The One Needed Thing
The Sunday before Ash Wednesday, my husband and I were chatting quietly in our living room. The baby was in bed and I was using the time to tidy the living room and get my bags packed for work the next day. My mind was busy checking off boxes on my to-do list— were my workout clothes packed? Did I have a lunch for the next day? Had we remembered to pick up the wiring we needed for our upcoming kitchen renovation? — When my husband asked me what I was giving up for Lent, I quickly rattled off that I would be forgoing Netflix so that I would make better use of my free time.
He looked me right in the eye when he asked softly “Is being more productive really what you need right now?”
I muttered something about how it would give me more time for prayer, but for the rest of the evening, I couldn’t brush the question off.
The next day, I found myself flipping through scripture and landing upon the story of Mary and Martha in Luke 10:38-42. I have always identified with Martha in this story— poor overburdened Martha who “was distracted with all the serving” while her sister Mary lazed about at the Lord’s feet. I imagined Martha preparing food for Jesus and the Twelve, filling their cups, washing their feet, making sure nothing got broken or tipped over. And yet, when she expressed her resentment, Jesus rebuked her saying ‘“you worry and fret about so many things, and yet few are needed, indeed only one. It is Mary who has chosen the better part, and it is not to be taken from her.’”
In re-reading the scripture, I noticed something I never had before. Martha was distracted. She was worried, She was fretting. And this was not what Jesus wanted of her or wanted for her. In allowing herself to be swallowed by the have-tos and to-dos, Mary was not serving Jesus. Instead, she was serving herself and her own needs, avoiding the one thing He needed of her: her presence.
I flashed-back to that moment with my husband, and I felt his eyes on me. He had been desirous of my attention, of my love, and of real conversation. Rather than being fully present with him, I had instead allowed myself to be occupied by the false virtue of busy-work. I had to admit that my husband saw clearer than I that the thing distancing me from him, from our daughter, and from God, was not the single hour of TV I watch each week, but rather my willingness to emulate Martha and spend my days distracted, fretting, and worrying.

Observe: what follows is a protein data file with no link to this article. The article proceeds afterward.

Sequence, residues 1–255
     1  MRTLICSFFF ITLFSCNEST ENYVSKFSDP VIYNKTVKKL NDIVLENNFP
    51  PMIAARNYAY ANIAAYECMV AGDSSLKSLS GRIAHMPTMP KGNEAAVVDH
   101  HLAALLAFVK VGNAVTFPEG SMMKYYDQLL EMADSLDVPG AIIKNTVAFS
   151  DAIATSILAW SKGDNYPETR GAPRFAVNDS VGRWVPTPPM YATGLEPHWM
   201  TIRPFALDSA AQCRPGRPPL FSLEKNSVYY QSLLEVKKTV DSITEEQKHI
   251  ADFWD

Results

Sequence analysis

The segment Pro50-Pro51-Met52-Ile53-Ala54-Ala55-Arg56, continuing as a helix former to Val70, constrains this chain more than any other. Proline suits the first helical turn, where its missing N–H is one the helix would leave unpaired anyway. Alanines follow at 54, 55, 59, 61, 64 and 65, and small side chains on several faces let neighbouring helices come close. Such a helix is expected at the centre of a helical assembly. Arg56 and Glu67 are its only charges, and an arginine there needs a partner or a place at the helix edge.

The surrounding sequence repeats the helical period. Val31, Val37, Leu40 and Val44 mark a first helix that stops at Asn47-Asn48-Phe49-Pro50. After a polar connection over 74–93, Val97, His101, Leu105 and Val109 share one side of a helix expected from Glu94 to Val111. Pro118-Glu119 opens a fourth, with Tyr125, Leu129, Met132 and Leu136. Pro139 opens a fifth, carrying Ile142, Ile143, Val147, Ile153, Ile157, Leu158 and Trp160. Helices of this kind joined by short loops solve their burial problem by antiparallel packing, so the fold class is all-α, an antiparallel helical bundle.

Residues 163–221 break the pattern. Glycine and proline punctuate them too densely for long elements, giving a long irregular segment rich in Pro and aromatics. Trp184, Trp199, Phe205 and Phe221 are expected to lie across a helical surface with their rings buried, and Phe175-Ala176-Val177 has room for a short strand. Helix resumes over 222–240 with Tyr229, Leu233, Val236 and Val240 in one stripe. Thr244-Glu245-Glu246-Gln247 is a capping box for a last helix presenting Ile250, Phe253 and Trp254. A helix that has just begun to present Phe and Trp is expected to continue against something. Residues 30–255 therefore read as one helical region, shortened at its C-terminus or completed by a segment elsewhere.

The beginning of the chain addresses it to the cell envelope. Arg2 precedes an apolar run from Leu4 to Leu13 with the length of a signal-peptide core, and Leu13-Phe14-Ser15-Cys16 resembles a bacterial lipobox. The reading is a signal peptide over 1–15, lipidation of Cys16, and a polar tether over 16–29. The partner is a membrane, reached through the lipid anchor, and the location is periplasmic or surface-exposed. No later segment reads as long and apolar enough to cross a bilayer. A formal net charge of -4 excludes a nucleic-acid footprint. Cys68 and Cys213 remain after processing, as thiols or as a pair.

During Lent, it is easy to forget that the the reason behind our sacrifices is to draw us closer to the Lord and His cross. I, for one, have been guilty of serving my own needs under the guise of serving Jesus, such as the many years when I have given up sugar for Lent in an attempt to lose weight. Rather than pulling my focus outwards towards God, this “sacrifice” turned my focus further in on myself.
And so this Lent, I am shifting my focus. Rather than choosing something to give up in a traditional sense, I am instead choosing to take on presence: I have been running and walking without headphones, taking the opportunity to observe the beauty of God’s world while also fully inhabiting the discomfort that comes with strenuous activity. I am setting my phone aside while nursing my daughter, and trying to be fully engaged when conversing with my husband.
I have grown so used to distracting myself with chores, podcasts, and work emails, that it has been challenging to cultivate presence. I have frequently failed this Lent, fretting and worrying away my time, going through to-do lists in the back of my mind while saying my daily rosary. But I can hear Jesus calling me back to the one thing that He needs: me, sitting at His feet, listening to and loving Him.
Elissa is wife, mother, and distance runner. A Vermont native, she grew up exploring the dirt roads and trails of her hometown. Friends joke that this small town, which hosts the yearly Vermont 100 and Vermont 50 ultra races, breeds a particular kind of crazy: socializing frequently takes the form of a 10-20 mile group run. Elissa has completed three 50Ks and is enjoying her return to running after the birth of her daughter last spring. Balancing parenting, a full-time career that takes her outside the home, and postpartum fitness is an ongoing adventure. When not working or running, Elissa can be found curled up with tea and a good book in front of the wood stove. She is passionate about NFP, Theology of the Body, and regularly evangelizes on the benefits of eating whole foods while training and racing. You can connect with her on Instagram @elissa_kellner